Wednesday, April 6, 2011
It may only be a veritable drop in the bucket compared to demand, but Hood River County will soon have new affordable housing options.
Hood River Crossing, a 40-unit apartment complex on West Cascade Ave., is scheduled to open in May. Meanwhile, construction is scheduled to start on a 13-unit senior affordable housing complex in Cascade Locks this summer.
"We've had an overwhelming demand," said Ruby Mason, mid-Columbia Housing Authority director. "We've had 240 applications for 40 units."
Hood River County, and Hood River in particular, has long faced an affordable housing crunch, and Mason hopes the Hood River Crossing project will show that more is needed.
Many of the applicants have been couples and families, and interest among farm workers has been particularly strong.
In addition to the overwhelming number of applications for the apartments, Mason said there have been 189 applications for 10 Section 8 housing vouchers for the complex.
Section 8 vouchers allow the tenants to receive government assistance to cover rent over 30 percent of their income level.
"It underscores the fact that there is a significant demand for affordable housing in Hood River," Mason said. "There is a far greater demand than we have the ability to meet."
Mason said one of the biggest areas of need has been among farm workers, who she said have a hard time finding housing options.
"We have done significant outreach to farm workers," she said. "It is certainly not restricted to farm workers but we are responding to an area of need."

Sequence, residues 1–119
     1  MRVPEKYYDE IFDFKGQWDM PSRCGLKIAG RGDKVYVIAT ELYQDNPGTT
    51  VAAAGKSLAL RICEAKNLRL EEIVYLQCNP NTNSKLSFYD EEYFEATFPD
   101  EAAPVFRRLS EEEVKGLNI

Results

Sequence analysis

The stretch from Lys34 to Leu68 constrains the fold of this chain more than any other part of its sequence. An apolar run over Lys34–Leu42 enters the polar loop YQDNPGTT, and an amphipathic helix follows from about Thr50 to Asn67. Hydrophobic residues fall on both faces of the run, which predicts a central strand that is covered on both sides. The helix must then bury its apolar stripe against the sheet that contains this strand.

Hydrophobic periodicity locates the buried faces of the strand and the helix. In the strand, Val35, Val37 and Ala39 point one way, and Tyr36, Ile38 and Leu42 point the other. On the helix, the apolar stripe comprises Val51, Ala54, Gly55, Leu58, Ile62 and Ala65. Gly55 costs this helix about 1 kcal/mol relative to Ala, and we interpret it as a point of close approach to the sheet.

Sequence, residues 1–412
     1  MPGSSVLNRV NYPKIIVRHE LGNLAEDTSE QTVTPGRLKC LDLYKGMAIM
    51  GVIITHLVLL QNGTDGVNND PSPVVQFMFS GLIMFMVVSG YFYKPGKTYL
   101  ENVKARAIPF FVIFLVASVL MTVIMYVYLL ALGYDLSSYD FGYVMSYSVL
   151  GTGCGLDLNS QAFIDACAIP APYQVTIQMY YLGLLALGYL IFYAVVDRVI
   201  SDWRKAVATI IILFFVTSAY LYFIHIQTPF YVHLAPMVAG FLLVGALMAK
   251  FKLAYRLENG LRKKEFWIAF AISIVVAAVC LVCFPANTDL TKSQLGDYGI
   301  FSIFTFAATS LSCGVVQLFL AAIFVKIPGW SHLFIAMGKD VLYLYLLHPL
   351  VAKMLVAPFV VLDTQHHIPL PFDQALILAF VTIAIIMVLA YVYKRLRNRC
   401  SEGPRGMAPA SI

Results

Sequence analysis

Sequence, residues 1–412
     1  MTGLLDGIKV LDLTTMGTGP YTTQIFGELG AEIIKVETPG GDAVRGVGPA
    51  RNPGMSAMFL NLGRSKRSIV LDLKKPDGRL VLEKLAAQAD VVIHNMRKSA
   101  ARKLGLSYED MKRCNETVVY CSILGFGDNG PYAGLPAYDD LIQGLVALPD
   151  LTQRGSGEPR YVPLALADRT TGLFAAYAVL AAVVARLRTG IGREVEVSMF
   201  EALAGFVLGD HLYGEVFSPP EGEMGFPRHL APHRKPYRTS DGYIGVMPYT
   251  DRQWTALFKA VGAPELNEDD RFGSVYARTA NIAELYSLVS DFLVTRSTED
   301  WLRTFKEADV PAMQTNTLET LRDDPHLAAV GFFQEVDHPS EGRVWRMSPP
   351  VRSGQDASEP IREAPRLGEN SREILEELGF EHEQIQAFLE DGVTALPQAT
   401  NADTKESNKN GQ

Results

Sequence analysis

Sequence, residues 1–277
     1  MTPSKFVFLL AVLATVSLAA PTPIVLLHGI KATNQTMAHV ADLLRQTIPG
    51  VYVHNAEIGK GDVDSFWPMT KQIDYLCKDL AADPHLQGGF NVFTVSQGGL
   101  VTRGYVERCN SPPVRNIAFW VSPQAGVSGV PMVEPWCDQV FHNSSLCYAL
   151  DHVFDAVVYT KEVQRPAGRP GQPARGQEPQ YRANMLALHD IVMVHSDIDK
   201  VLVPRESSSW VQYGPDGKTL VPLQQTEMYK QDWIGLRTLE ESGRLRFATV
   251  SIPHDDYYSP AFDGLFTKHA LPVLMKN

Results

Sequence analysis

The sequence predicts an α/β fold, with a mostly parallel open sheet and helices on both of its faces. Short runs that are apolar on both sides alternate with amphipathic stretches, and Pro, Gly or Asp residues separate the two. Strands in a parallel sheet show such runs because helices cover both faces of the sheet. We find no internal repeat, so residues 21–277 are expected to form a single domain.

They will have somewhere to live soon. The project, built by Bogatay Construction, is around 85 percent completed and Mason said it was on track to open May 1.
Mason said many of the applicants so far had been families, with a few couples and individuals applying for the units.
While the Hood River Crossing project finishes up, the wheels are in motion for a senior housing project in Cascade Locks.
"We have all the funding approved and the city has approved the site plan," Mason said.
The 13 units will be age-restricted to residents 62 and over with one unit income-restricted.
The project is funded through HUD capital development program and will be located on Bell Street behind Cascade Locks City Hall.
Cascade Locks interim city administrator Rich Carson said the city and the Housing Authority had reached a memorandum of understanding on the plans, which should allow construction to begin soon. He said the project also helps to fill a need in the city. "In terms of these kinds of facilities I don't know that we have any," he said. Mason said the project should begin construction in June, just as the Hood River Crossing project finishes up.
More like this story
- CASA launches 2017 Playhouse Raffle
- YESTERYEARS: Ross, Daphne Hukari Animal Shelter opens in 2007
- ‘Guy, Guitar, Girl’: young actor seeks film support
- A ‘transforming gift’
- Author signing June 3 at HR Farmers’ Market
- Sports briefs for May 24
- Fresh and Local: Farmers Markets in the Gorge
- Gorge Scenic Area planning grant uncertain
- Wrong-way chase and arrest
- Ex-deputy sentenced for luring a minor
I Can't Keep Quiet singers at "Citizen Town Hall"
‘I can’t keep quiet,’ sing members of an impromptu choir in front of Hood River Middle School Saturday prior to the citizen town hall for questions to Rep. Greg Walden. The song addresses female empowerment generally and sexual violence implicitly, and gained prominence during the International Women’s Day events in January. The singers braved a sudden squall to finish their song and about 220 people gathered in HRMS auditorium, which will be the scene of the April 12 town hall with Rep. Greg Walden, at 3 p.m. Enlarge